The U.S. government will announce as soon as Monday a long-awaited plan to try to get bad assets off the books of banks, a cornerstone of its efforts to tackle the credit crisis, The Wall Street Journal reported.
The Obama administration, battling a deepening recession, is set to adopt a three-pronged approach to ridding the financial system of so-called toxic assets, the newspaper and the New York Times said on their websites on Friday.
The plan would create an entity, backed by the Federal Deposit Insurance Corp, a U.S. banking regulator, to buy and hold loans, the reports said.
It would expand a newly launched Federal Reserve facility -- that lends money to investors to buy securities backed by consumer loans -- to include toxic assets. And it would create new public and privately financed funds to buy such securities under the management of private investment experts.
The Obama administration plans to contribute between $75 billion and $100 billion in new capital to the effort although that amount could be expanded, the Wall Street Journal said.
The Treasury Department and Federal Reserve declined to comment. Sources familiar with the government's thinking have told Reuters details of a plan could be announced next week.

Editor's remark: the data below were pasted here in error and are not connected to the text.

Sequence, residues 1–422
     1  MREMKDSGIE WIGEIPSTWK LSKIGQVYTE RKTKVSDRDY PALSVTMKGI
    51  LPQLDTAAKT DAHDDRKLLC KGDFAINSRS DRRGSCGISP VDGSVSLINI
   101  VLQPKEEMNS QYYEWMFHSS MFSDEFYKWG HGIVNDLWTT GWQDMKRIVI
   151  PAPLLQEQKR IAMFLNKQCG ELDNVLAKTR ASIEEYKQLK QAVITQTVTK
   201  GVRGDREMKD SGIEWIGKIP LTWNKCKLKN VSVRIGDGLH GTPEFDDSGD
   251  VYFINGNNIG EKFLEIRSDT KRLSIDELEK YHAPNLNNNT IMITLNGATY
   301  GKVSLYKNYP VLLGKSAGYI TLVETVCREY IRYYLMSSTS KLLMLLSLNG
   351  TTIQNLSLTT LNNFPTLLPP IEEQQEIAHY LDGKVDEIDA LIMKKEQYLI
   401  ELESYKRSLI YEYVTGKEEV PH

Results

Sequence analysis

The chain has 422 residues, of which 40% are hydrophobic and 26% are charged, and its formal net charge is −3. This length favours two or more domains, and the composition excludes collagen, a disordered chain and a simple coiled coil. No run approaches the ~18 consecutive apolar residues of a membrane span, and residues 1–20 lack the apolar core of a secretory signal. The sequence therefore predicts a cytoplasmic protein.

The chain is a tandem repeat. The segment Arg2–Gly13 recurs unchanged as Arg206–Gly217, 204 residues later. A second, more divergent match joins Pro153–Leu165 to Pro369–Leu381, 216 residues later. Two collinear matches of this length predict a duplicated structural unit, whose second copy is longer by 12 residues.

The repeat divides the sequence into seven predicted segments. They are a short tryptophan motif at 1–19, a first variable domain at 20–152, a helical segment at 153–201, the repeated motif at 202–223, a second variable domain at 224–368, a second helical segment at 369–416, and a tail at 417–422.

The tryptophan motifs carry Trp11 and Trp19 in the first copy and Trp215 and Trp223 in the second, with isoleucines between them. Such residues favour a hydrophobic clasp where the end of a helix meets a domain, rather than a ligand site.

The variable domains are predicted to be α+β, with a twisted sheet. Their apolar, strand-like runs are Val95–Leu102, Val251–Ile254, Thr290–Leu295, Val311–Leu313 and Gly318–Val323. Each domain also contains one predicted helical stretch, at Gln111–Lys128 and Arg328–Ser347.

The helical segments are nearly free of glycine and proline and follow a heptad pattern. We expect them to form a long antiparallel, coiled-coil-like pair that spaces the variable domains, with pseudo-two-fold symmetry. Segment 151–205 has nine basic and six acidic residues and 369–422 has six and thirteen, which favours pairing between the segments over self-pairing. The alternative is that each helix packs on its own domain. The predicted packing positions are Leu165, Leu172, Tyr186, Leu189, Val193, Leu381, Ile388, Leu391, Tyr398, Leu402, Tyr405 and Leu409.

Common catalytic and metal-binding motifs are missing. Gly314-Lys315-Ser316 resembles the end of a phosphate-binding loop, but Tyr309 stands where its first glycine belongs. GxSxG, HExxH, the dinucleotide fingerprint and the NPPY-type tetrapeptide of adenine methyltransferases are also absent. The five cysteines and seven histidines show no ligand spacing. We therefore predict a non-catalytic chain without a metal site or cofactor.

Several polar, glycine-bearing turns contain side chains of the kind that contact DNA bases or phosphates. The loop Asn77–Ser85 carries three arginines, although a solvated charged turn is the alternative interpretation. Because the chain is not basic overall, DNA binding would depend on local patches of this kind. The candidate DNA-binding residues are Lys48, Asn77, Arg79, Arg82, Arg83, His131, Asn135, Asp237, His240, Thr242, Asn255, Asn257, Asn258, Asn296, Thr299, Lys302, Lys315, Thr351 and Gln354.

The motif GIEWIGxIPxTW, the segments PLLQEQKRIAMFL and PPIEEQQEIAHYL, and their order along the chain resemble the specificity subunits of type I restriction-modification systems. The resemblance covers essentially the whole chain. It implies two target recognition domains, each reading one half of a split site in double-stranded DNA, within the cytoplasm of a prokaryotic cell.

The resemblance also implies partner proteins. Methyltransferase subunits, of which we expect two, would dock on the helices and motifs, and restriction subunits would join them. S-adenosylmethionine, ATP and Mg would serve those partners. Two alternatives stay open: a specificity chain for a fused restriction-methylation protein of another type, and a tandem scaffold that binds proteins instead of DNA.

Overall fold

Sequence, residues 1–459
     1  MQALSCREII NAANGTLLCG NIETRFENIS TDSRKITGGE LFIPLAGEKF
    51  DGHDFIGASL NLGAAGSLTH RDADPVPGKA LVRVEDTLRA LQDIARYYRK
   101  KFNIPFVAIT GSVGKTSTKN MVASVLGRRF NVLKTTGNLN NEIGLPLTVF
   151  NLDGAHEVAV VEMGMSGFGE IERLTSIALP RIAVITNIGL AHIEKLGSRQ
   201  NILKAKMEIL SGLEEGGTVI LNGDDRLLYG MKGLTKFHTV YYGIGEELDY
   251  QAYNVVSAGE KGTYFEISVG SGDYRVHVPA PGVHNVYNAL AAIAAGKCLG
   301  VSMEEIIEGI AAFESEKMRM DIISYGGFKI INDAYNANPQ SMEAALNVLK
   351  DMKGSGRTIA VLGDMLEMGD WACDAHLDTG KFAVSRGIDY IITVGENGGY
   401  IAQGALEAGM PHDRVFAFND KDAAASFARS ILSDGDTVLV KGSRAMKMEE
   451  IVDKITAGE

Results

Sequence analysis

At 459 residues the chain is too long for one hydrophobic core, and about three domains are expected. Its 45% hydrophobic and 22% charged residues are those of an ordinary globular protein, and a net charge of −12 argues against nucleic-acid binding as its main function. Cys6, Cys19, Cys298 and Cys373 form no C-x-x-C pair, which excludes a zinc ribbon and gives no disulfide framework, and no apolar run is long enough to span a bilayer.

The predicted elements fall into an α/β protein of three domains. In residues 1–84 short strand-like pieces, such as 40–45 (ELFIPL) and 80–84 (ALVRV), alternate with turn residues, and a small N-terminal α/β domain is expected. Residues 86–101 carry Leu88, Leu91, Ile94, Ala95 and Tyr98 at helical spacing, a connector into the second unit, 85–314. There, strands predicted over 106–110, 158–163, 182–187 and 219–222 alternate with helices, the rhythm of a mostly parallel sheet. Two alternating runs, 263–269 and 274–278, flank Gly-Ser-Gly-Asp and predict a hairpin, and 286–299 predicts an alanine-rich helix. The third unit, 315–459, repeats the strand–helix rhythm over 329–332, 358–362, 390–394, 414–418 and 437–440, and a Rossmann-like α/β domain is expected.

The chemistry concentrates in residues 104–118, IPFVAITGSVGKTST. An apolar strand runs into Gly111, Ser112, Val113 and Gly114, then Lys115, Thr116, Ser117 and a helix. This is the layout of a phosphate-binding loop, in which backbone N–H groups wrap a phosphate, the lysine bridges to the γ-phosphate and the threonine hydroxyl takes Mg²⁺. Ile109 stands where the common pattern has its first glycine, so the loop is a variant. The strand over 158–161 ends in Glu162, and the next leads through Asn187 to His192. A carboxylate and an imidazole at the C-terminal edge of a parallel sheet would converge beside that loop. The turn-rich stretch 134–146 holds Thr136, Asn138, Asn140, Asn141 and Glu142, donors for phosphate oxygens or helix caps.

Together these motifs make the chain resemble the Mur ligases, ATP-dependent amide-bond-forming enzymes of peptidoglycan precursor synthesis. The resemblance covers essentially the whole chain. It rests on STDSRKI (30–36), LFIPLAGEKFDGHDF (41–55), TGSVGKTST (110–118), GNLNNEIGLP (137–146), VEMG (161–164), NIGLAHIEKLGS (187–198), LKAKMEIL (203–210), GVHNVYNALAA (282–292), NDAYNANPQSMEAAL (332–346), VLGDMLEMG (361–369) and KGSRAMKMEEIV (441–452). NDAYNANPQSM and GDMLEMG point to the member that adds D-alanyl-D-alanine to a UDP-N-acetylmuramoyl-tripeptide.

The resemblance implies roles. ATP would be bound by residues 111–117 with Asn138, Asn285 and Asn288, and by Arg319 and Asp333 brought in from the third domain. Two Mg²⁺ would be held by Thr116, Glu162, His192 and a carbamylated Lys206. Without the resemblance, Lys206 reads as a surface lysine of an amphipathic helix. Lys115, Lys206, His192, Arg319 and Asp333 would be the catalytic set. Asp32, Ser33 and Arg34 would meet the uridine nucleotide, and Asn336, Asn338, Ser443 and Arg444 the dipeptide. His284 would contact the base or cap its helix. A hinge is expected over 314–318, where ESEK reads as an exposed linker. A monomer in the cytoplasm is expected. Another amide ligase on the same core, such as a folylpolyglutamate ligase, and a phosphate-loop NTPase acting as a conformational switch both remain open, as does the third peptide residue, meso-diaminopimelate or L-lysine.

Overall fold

The Bush administration tried without success late last year to set up a mechanism to get bad assets off the balance sheets of commercial banks.
The banks have been hammered by losses incurred by mortgage-related debt that has turned sour amid a fall in house prices and a pickup in defaults, sparking a credit crisis that has strangled the U.S. and global economies.
Obama's Treasury secretary, Timothy Geithner, has outlined a new proposal to soak up as much as $1 trillion in assets through a public-private program.
But investors have grown increasingly concerned that his efforts are running into problems more than a month after he outlined the plan.
The slow start of the new Federal Reserve consumer lending program this week has been seen as a sign that private capital may shun the toxic-asset plan because of public outrage over large executive bonuses.
Many big private investors are worried they could face tough new rules in U.S. financial rescue programs after Congress pressed ahead with efforts to claw back bonuses paid to executives at failed insurer American International Group.
The Wall Street Journal said the Treasury would match private sector finance for the public-private toxic asset funds on a one-for-one basis in most cases.
Washington would be a co-investor also in the new FDIC troubled loans program but could contribute 80 percent in some cases, and would guarantee as much as $500 billion in loans investments, the newspaper said in its report.
The New York Times said the FDIC program could involve government funding for up to 97 percent of the equity.
It also said the plan is likely to offer generous taxpayer subsidies, in the form of low-interest loans, to coax investors to form partnerships with the government.
(Editing by Peter Cooney & Jan Dahinten)